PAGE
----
Want to shoot wide open? Go ahead. To improve the soft backgrounds created when shooting wide open Canon has included a new electromagnetically controlled automatic diaphragm. This design ensures that at apertures between f2.8 and f5.6 the diaphragm makes a perfectly round opening. That in turn guarantees that the out of focus elements in the background to be soft and free of distracting elements.

While the 16-35mm is not a macro lens it has the ability to focus down to 11 inches, which opens up tremendous possibilities for landscape and product photography. The ability to focus this close means that you can frame a landscape with a strong foreground element and tremendous apparent depth of field yielding dramatic images.

Speaking of drama, one of the drawbacks of lenses this wide is the fact that they often vignette when photographers use filters to create added drama in their images. Canon addressed this issue by providing a drop in gelatin filter holder at the rear of the lens. A nice feature and one that we hope other manufacturers will emulate.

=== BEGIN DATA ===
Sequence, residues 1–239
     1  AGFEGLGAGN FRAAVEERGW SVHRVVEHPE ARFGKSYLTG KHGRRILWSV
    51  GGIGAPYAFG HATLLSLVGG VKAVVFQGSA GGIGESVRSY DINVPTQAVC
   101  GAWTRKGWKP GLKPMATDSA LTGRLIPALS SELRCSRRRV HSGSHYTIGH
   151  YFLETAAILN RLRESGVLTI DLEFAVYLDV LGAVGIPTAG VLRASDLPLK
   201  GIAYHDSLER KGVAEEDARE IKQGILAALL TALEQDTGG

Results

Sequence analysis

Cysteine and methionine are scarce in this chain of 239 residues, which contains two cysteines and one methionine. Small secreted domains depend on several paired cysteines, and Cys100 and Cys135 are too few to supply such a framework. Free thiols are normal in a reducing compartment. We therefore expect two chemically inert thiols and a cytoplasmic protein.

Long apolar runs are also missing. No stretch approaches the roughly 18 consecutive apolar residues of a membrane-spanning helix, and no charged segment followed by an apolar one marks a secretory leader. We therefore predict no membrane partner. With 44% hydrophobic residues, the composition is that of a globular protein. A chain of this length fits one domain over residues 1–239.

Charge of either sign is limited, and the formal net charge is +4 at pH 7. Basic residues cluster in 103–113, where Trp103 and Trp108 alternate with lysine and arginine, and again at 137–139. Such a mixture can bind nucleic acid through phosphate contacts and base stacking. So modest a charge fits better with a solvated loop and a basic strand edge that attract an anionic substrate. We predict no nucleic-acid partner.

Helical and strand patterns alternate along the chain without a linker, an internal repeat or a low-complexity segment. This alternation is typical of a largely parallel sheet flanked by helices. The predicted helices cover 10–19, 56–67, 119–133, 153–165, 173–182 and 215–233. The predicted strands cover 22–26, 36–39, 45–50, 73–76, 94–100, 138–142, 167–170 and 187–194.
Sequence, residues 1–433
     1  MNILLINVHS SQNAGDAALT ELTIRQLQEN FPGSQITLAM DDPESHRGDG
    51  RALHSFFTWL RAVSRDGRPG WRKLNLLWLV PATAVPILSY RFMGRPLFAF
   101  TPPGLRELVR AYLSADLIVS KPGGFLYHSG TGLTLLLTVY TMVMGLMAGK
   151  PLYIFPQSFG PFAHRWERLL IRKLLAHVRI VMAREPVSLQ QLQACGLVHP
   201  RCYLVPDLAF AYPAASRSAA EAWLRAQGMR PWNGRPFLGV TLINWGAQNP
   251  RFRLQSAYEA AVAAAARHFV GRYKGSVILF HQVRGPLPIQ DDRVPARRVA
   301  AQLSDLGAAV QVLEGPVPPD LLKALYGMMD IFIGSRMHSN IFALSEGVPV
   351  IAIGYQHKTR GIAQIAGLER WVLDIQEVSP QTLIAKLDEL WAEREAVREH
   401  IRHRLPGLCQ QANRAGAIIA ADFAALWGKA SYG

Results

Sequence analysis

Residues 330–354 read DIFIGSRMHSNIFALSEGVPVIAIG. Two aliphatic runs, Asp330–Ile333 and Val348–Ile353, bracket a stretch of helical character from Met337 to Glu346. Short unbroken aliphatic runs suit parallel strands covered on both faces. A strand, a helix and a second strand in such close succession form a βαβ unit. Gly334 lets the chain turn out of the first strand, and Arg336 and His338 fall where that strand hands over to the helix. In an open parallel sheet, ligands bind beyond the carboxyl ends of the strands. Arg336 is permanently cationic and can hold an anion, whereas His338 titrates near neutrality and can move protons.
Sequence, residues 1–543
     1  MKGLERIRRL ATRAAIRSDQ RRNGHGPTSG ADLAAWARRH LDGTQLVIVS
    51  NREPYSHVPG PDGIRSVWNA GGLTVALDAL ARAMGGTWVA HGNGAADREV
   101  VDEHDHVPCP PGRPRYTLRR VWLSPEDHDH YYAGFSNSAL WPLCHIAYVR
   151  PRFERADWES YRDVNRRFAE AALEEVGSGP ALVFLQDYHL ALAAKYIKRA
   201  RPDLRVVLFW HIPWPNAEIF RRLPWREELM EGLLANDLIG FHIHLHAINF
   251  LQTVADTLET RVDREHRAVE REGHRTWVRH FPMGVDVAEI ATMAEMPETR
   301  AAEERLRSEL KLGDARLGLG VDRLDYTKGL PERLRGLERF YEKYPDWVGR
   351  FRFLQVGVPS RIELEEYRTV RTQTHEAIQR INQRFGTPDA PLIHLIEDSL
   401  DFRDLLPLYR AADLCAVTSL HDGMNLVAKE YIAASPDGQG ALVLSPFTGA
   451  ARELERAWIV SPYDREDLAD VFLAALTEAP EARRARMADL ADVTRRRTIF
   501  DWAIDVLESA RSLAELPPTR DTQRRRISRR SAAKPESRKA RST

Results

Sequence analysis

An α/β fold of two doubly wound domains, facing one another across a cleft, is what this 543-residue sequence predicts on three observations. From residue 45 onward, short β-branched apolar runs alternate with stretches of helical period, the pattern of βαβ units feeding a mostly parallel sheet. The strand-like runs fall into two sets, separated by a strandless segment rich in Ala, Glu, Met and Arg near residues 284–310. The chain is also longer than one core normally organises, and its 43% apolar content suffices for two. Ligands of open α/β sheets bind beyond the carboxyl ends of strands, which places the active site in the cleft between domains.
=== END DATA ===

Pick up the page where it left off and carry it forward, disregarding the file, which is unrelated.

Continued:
You still have the option of using a 77mm filter at the front of the lens; and those who plan on doing just that will be glad to hear that focusing and zoom of the 16-35mm does not rotate the front element. All focus and zoom movement is internal to the lens.